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Re: Non-Americans and the upcoming election

Postby Blubb3r3ng3l » Wed Apr 16, 2008 4:30 am UTC

So... why not Hillary, just to be specific?
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Re: Non-Americans and the upcoming election

Postby Oort » Wed Apr 16, 2008 6:38 am UTC

Re: why not Hillary?

(I'm from the US) I think (some) people dislike Hillary partly because of the way her campaign has been run. For example, she lied about the Bosnia incident, and she tends to take shots at Obama whenever she can (like the recent bitter remarks or his preacher's remarks). She also seems to be running as a female candidate, in the way that Obama is not running as a black candidate. I don't mean I would mind a female president, I just want some better reasons.

Part of it is their policies, on health care, the economy, etc., which varies by person.

Also, she voted for the war in Iraq, which has become unpopular. That probably hurts her.

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Re: Non-Americans and the upcoming election

Postby lorenith » Wed Apr 16, 2008 6:46 am UTC

I (as an American) just don't like her attitude, I know that politicians have to run with focus of getting into office, because they can't do anything without getting into office first. But she just seems to run it into the ground. It seems more like she wants to be president with little care of how she gets into the office or the point to being in the office, so much as she just wants the prestige of getting in. I hate how she toutes her sex too. Voting on sex, or race, or even political party in my opinion is silly.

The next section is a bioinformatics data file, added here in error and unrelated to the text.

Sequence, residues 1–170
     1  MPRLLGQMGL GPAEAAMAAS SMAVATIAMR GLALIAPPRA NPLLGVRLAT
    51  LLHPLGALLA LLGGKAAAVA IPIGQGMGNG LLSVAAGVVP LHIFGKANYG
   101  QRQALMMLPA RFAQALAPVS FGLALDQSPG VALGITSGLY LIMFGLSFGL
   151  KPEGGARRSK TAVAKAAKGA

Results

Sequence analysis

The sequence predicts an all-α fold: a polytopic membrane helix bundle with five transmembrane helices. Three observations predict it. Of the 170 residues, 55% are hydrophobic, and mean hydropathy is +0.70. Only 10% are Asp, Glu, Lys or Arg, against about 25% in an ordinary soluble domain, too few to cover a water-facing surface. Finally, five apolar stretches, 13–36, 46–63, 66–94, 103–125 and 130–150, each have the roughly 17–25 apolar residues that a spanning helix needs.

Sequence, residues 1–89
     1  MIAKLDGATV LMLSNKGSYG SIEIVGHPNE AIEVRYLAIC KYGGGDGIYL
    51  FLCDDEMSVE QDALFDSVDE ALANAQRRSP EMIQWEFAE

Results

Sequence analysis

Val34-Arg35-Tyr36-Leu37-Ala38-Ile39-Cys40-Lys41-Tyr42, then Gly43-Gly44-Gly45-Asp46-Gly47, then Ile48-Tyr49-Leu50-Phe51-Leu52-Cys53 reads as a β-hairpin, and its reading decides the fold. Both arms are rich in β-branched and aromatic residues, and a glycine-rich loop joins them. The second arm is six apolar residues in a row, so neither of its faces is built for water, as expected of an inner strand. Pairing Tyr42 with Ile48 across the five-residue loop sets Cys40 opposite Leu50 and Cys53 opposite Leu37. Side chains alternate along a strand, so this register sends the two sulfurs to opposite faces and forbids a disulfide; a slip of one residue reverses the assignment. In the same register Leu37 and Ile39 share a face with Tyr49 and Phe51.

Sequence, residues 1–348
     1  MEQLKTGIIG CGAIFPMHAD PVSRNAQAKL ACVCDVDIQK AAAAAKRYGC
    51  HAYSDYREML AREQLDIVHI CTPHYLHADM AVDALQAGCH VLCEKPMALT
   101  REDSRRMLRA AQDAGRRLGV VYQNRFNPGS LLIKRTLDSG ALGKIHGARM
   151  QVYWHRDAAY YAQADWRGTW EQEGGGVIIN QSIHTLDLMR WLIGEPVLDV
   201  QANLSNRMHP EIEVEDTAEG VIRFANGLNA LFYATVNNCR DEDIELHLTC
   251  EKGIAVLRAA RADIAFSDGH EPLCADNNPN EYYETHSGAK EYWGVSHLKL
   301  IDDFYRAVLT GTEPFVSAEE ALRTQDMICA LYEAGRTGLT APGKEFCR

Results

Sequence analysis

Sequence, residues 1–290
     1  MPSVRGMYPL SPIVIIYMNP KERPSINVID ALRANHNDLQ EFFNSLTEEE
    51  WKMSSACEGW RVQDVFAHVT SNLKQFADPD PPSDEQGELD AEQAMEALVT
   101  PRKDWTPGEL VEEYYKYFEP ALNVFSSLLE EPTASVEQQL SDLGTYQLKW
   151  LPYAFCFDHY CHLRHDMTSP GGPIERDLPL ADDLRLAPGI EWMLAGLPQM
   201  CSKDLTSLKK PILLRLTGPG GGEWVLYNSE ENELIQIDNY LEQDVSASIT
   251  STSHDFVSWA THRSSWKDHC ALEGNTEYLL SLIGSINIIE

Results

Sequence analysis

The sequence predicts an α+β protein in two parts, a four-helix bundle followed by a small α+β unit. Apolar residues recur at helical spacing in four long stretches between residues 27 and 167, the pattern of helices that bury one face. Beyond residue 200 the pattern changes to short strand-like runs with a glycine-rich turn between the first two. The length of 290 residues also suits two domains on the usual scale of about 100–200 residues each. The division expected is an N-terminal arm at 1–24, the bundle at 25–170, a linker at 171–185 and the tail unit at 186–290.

It just doesn't seem like she really honestly has the countries best interest at heart to me, so much as her own personal interest, and that really really bugs me to the degree she has shown this.

I've heard some conservatives reason that they don't want her in office because certain other countries would have no respect for a country run by a woman. (Not that these certain countries have respect for the Country as it is, but I guess it's a point that makes sense in a way).

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Re: Non-Americans and the upcoming election

Postby Habz » Wed Apr 16, 2008 9:23 am UTC

Personally, I'd like to see some changes happening in american politics. No offence, but it sometimes seems a bit "left-behind" on several sectors.

I don't see anything much happening in case McCain was chosen, so he's out of the question.

Hillary is... well... Hillary. I had nothing against her about a year ago, but during her campaign she's come off as quite a bitch on several occasions. Lorenith and Oort already pretty much summed up my thoughts on her.